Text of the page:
UCDSU have recently confirmed that they plan to “mobilise” students to vote in the upcoming elections, but that they will not hold a voting registration drive. This comes after almost 85,000 students have registered to vote nationally in the last year, many as a response to the marriage referendum last May.
The University Observer contacted UCDSU Campaigns and Communications Officer, Cian Byrne, for a comment on the decision not to hold a drive and the SU’s plans to encourage students to vote before the general election, however no response was received.
Education Officer Dannii Curtis explained that “the drive last year was on registering the student vote, the drive this year is on mobilising it effectively.” Curtis went on to state that “given the growing certainty around future funding for third level in Ireland in the absence of a strong student vote during a general election, I think it’s very important for students to vote.”
She noted that there was now a significant bloc of students who would be voting for the first time and that this could be utilised to make an impact on key issues. “We’re hoping to put in place a platform online whereby students can ask, tweet and message the email addresses and social media accounts of politicians in their constituency with specific questions on electoral issues put forward by UCD Students’ Union.”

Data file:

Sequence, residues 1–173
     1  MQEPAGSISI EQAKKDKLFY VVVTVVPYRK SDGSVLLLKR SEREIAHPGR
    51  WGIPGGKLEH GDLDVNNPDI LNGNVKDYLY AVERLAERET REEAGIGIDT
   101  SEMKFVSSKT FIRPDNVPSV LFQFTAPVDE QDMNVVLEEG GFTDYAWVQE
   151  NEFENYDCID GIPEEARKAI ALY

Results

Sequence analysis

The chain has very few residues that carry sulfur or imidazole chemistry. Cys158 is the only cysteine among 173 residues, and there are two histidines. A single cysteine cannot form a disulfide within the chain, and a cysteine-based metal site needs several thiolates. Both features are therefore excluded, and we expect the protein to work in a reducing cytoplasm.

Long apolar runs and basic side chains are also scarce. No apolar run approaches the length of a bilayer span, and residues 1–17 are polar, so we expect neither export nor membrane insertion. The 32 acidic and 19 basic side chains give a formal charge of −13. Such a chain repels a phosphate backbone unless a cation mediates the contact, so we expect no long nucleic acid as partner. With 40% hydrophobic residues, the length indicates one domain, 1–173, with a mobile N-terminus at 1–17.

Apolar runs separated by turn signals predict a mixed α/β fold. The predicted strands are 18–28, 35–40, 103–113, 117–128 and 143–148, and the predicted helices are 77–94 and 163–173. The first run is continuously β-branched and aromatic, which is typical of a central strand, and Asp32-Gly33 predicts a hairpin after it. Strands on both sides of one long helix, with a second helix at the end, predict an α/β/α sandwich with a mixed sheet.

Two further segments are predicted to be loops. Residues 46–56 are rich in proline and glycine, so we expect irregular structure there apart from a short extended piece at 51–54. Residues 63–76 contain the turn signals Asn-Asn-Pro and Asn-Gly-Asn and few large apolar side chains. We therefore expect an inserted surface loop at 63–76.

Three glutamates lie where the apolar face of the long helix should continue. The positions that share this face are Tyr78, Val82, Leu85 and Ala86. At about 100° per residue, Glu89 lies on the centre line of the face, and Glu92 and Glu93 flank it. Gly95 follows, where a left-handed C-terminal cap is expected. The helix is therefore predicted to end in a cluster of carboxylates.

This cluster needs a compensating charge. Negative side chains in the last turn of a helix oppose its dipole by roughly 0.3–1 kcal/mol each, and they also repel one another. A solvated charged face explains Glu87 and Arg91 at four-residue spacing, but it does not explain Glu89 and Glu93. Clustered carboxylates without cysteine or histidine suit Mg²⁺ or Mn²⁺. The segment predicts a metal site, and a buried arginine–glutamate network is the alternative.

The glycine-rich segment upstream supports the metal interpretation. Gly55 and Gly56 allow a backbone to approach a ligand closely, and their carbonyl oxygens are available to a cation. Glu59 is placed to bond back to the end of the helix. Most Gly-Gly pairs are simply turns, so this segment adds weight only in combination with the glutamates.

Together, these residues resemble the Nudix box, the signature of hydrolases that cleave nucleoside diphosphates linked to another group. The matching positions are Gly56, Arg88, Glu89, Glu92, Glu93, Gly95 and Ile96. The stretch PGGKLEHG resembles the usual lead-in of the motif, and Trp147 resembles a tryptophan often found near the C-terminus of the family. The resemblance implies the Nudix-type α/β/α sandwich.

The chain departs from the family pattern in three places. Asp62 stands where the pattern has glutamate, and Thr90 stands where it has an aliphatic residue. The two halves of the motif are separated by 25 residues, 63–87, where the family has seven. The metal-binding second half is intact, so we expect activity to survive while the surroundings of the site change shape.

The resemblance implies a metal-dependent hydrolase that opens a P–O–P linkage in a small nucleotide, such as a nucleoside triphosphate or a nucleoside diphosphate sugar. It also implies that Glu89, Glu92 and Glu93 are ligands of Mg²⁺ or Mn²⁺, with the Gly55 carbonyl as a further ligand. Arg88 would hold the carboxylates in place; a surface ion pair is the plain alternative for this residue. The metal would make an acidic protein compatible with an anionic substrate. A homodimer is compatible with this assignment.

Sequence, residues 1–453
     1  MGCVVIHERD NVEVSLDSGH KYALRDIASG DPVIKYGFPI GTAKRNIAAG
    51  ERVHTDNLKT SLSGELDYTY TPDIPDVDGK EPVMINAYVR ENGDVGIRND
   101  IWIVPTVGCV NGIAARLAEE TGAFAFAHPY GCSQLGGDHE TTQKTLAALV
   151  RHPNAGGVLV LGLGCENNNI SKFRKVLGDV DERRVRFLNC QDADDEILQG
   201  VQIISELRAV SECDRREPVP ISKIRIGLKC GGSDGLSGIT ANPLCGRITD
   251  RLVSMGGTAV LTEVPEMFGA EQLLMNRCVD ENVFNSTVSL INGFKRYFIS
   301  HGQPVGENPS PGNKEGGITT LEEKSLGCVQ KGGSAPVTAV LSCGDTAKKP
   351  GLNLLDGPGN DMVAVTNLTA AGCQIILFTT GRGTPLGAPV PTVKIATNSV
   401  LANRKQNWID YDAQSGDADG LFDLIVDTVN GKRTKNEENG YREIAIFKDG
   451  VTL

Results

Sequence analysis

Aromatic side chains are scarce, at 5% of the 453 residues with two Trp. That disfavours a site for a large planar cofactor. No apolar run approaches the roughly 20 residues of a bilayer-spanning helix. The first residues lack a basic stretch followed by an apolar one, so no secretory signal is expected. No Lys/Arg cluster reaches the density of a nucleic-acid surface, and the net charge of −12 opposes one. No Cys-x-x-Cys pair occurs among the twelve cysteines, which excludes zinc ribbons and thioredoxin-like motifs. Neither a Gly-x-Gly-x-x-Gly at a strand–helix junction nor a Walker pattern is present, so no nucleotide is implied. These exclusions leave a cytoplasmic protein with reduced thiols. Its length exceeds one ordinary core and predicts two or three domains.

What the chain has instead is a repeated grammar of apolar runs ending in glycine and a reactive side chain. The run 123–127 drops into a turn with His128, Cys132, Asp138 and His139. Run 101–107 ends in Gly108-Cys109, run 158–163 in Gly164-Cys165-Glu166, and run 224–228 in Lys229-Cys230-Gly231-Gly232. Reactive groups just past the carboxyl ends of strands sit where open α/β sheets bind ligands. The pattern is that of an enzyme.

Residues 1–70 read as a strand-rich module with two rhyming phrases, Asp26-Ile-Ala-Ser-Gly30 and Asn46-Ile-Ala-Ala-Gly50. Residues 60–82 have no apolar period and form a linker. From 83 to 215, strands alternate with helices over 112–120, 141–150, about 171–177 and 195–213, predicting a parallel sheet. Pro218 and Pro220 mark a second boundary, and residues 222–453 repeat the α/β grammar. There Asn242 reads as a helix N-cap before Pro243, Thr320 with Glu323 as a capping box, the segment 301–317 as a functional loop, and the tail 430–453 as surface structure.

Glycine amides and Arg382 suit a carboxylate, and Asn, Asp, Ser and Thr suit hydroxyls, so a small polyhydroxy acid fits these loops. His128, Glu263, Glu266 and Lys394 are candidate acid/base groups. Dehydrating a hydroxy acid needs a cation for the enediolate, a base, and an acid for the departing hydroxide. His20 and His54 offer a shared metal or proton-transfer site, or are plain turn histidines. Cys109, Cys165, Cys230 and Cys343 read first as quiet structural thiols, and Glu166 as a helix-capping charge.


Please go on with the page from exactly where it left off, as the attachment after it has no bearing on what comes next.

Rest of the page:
Some such issues include youth suicide prevention and sexual consent issues across campus. UCDSU has run campaigns focused on these issues, largely focused within UCD, since last semester.
“Since taking office, we have campaigned on youth suicide prevention, sexual consent and violence and student housing and transport — important electoral issues which nevertheless need to be highlighted by young people to politicians ahead of the 2016 general election,” Curtis said.
Accommodation costs and third-level funding have become key concerns for students in the last number of years, something that Curtis notes. “Over the last five years, areas rented by UCD students — Ranelagh, Rathgar, Rathmines, Clonskeagh, Booterstown and Stillorgan— have seen the sharpest rises in the Irish rental market.” She claimed that the focus of UCD has been campaigning on behalf of students with the Irish Strategic Investment Fund to keep rates for campus accommodation at the same level. Rent in UCD residences has gone up by 14 per cent this year.
Funding is also a prevalent issue for students, with Curtis commenting “The Cassell’s Report has received significant media attention over the past year and there’s been a lot of national debate on third level funding. High profile lobbying on this issue has been important but the real challenge on February 26th will be doing our utmost to ensure a turnout.”